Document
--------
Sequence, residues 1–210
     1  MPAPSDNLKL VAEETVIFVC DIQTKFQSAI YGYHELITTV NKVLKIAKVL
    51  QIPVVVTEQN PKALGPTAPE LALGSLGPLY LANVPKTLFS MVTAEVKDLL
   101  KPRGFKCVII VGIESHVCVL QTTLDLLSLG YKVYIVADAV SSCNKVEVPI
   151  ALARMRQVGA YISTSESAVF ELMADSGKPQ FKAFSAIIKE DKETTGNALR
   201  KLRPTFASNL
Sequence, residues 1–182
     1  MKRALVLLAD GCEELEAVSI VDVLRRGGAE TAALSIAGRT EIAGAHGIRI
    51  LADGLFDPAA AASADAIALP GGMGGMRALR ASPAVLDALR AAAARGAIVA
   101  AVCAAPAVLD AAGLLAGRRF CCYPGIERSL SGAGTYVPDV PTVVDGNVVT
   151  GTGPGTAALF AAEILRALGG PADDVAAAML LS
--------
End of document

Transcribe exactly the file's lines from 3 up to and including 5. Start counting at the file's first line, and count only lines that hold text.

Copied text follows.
    51  QIPVVVTEQN PKALGPTAPE LALGSLGPLY LANVPKTLFS MVTAEVKDLL
   101  KPRGFKCVII VGIESHVCVL QTTLDLLSLG YKVYIVADAV SSCNKVEVPI
   151  ALARMRQVGA YISTSESAVF ELMADSGKPQ FKAFSAIIKE DKETTGNALR